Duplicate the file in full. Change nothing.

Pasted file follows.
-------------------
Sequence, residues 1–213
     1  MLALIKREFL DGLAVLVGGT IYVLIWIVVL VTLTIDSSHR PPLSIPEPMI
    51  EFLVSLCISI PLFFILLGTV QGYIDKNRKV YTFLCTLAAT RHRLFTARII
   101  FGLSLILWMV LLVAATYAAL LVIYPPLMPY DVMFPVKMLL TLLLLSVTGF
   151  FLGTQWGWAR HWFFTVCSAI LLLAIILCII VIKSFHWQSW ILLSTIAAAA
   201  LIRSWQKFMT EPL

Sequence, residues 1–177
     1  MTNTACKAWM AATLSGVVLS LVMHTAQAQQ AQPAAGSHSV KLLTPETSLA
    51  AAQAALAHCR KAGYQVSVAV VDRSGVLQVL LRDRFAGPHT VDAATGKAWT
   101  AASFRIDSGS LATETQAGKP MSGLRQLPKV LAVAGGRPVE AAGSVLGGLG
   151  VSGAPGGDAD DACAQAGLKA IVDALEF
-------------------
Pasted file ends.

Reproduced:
Sequence, residues 1–213
     1  MLALIKREFL DGLAVLVGGT IYVLIWIVVL VTLTIDSSHR PPLSIPEPMI
    51  EFLVSLCISI PLFFILLGTV QGYIDKNRKV YTFLCTLAAT RHRLFTARII
   101  FGLSLILWMV LLVAATYAAL LVIYPPLMPY DVMFPVKMLL TLLLLSVTGF
   151  FLGTQWGWAR HWFFTVCSAI LLLAIILCII VIKSFHWQSW ILLSTIAAAA
   201  LIRSWQKFMT EPL

Sequence, residues 1–177
     1  MTNTACKAWM AATLSGVVLS LVMHTAQAQQ AQPAAGSHSV KLLTPETSLA
    51  AAQAALAHCR KAGYQVSVAV VDRSGVLQVL LRDRFAGPHT VDAATGKAWT
   101  AASFRIDSGS LATETQAGKP MSGLRQLPKV LAVAGGRPVE AAGSVLGGLG
   151  VSGAPGGDAD DACAQAGLKA IVDALEF